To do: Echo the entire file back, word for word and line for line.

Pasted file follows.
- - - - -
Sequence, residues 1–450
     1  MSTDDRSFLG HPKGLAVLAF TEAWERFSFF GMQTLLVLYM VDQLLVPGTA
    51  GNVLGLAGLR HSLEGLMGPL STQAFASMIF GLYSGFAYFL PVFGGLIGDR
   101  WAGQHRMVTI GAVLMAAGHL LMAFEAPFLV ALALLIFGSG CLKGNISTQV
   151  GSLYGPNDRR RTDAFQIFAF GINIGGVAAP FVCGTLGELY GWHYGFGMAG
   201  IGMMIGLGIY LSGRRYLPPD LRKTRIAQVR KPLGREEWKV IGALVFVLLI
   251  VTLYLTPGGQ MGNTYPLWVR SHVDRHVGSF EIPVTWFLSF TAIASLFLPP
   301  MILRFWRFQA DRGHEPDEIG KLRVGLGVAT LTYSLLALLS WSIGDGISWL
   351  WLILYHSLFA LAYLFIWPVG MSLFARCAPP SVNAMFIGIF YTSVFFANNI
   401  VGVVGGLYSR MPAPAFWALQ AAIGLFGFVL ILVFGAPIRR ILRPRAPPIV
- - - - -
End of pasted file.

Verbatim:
Sequence, residues 1–450
     1  MSTDDRSFLG HPKGLAVLAF TEAWERFSFF GMQTLLVLYM VDQLLVPGTA
    51  GNVLGLAGLR HSLEGLMGPL STQAFASMIF GLYSGFAYFL PVFGGLIGDR
   101  WAGQHRMVTI GAVLMAAGHL LMAFEAPFLV ALALLIFGSG CLKGNISTQV
   151  GSLYGPNDRR RTDAFQIFAF GINIGGVAAP FVCGTLGELY GWHYGFGMAG
   201  IGMMIGLGIY LSGRRYLPPD LRKTRIAQVR KPLGREEWKV IGALVFVLLI
   251  VTLYLTPGGQ MGNTYPLWVR SHVDRHVGSF EIPVTWFLSF TAIASLFLPP
   301  MILRFWRFQA DRGHEPDEIG KLRVGLGVAT LTYSLLALLS WSIGDGISWL
   351  WLILYHSLFA LAYLFIWPVG MSLFARCAPP SVNAMFIGIF YTSVFFANNI
   401  VGVVGGLYSR MPAPAFWALQ AAIGLFGFVL ILVFGAPIRR ILRPRAPPIV